Flouting Mexican Tradition with Gringo Flautas

We had been asked to a 40th birthday by our younger, hipper neighbors, a laid back event at Anable Basin in Long Island City. A quick look at the menu, however, revealed a meat intensive menu: skirt steak, chevapi, kielbasa, bison burger, hamburger—even the vegetables came in the form of a veggieburger! Fortunately, I’d just heard tell of a LIC Gringo-inflected Mexican restaurant attached to a comedy club, The Creek and the Cave where we could grab dinner first. My source said the chicken taco was “the bomb,” and “totally packed with chicken” for a mere $3.50. We had a plan. The Chef, as usual, even in 99° heat, would walk from our home in Morningside Heights to the Vernon-Jackson stop in LIC. I would meet him via the quick 2/3 + 7.

I sat waiting in the scant shade on the triangular square across from our favorite French bistro, Tournesol. A half hour passed.  The Chef usually walks at such a fast clip, and I usually dawdle at such a slow pace that he arrives on foot before I arrive by train. I started getting unreasonably irritated and texting “WHERE R U??? I’M HOT.” He shot back that he was just getting off the bridge and it would be another 20 minutes. “I’m outta here,” I decided, telling him to meet me at the Creek and Cave. But there I was again, about to eat while “sour,” never a good idea as you will read here.  Fortunately, though, the C&C was two blocks away, well-air conditioned, totally empty and offering Happy Hour $4.00 pint glass margaritas. Now this is a good kind of sour,” I thought as my lips puckered from the lime and salt. By the time sweaty Chef came in, I was floatin’ in a margarita-induced haze of well being.

This surprising menu item enhanced my mood further: bacon and mashed potato flautas. A flauta is a fattening Mexican morsel, a fried rolled flour tortilla, usually encasing meat, cheese, peppers onions—a taquito is the same thing with a corn tortilla. What a fun spin, though, on Gringo breakfast food, and pepped up with spicy chipotle mayo sauce ($7.95). I have to say that nothing quite surpassed those guilt-inducing mashed potato and bacon logs swaddled their fried tortilla blankets. In order to sample all of the muy barrato tacos ($3.50 for each overstuffed taco “el carbon”!), I ordered the $11.95 tacos al carbon platter—three tacos with rice and beans. The vaunted chicken taco was my least favorite, packed with pollo but not much flavor (a good dousing of tomatillo sauce helps). But oooh, the taste of the pulled pork evidenced true care in the sloooow cooking—tender, stringy chunks of cerdo that seemed almost carmelized. The seafood taco I'd swapped in for an extra buck was the best: light fried flaky battered fish pieces tossed with cabbage salsa and wasabi sauce. Once you’ve decided to go inauthentic, then go all the way! There’s even a “taco gringo" on the menu, like the first tacos we encountered in the sixties: hard shell, pico de gallo, and cheddar jack ($4.00)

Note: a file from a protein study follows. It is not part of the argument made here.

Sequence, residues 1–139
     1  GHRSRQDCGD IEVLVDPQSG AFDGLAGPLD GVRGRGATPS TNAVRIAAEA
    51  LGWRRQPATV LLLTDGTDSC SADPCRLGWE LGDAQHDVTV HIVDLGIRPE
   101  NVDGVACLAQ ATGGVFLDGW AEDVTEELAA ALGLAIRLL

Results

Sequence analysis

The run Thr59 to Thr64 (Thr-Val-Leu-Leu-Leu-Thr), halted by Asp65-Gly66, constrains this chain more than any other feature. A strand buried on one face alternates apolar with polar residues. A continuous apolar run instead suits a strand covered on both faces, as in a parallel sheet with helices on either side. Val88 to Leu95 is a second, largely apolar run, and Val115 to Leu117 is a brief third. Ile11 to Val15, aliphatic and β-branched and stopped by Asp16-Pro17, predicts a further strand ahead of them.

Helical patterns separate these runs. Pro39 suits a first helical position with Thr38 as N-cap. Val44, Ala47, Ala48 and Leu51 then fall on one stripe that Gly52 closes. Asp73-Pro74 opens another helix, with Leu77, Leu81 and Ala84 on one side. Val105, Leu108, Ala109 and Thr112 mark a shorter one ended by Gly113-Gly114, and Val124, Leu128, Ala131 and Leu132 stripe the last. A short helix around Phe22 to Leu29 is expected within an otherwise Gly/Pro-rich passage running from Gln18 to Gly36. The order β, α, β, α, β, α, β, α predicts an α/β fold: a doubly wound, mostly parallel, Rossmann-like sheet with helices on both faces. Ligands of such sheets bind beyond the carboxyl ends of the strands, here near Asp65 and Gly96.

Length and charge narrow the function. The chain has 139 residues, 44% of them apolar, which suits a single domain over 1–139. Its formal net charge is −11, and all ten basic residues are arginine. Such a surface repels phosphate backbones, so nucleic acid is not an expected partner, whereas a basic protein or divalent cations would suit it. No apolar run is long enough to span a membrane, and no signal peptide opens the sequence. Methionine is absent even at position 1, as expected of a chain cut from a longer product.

And unlike authentic Mexican taquerias, C&C uses large 6-inch flour tortillas rather than small 4 inch corn ones. I liked this change-up. The flour tortillas are both easier to hold and hold so much more good stuff. However, the American spin means this food edges toward bland and healthy. I would have preferred greasier, more savory yellow rice and beans to the staid white rice, almost devoid of oil, and the black beans that seemed to come straight out of a Progresso can, with no hint of seasoning.

It seems certain, though, that the Creek and the Cave is a place where you can season your tacos with laughter. Photos of comics line the wall of the upstairs restaurant, but the real yuks take place downstairs. What is it about comedy venues, that performers are often testing their material in cellars, basements and caves?  Notoriously insecure, budding comics might find these underground lairs reassuring environments. In going downstairs to use the restroom, I saw the dark, comfy cave, one wall lined with pinball machines. The schedule is chock full of intriguing acts—from a live "filthy podcast," called "Legions of Skank," to "Fish and Bits," the world's "first and only cryptocurrency- themed comedy night," to all sorts of skewed variations on Open mic.  Come for laugh, stay for a taco, or vice versa.